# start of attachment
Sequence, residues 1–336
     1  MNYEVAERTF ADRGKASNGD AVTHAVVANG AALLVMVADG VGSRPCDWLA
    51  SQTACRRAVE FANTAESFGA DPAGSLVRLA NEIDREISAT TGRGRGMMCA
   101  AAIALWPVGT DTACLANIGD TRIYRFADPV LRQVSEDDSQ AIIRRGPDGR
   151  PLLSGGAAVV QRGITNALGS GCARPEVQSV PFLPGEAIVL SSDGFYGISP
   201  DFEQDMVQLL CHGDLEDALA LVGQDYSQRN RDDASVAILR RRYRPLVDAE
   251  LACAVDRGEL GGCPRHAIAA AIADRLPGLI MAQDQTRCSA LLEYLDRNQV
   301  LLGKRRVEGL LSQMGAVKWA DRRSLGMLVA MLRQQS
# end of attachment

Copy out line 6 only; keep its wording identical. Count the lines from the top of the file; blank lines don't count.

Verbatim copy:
   201  DFEQDMVQLL CHGDLEDALA LVGQDYSQRN RDDASVAILR RRYRPLVDAE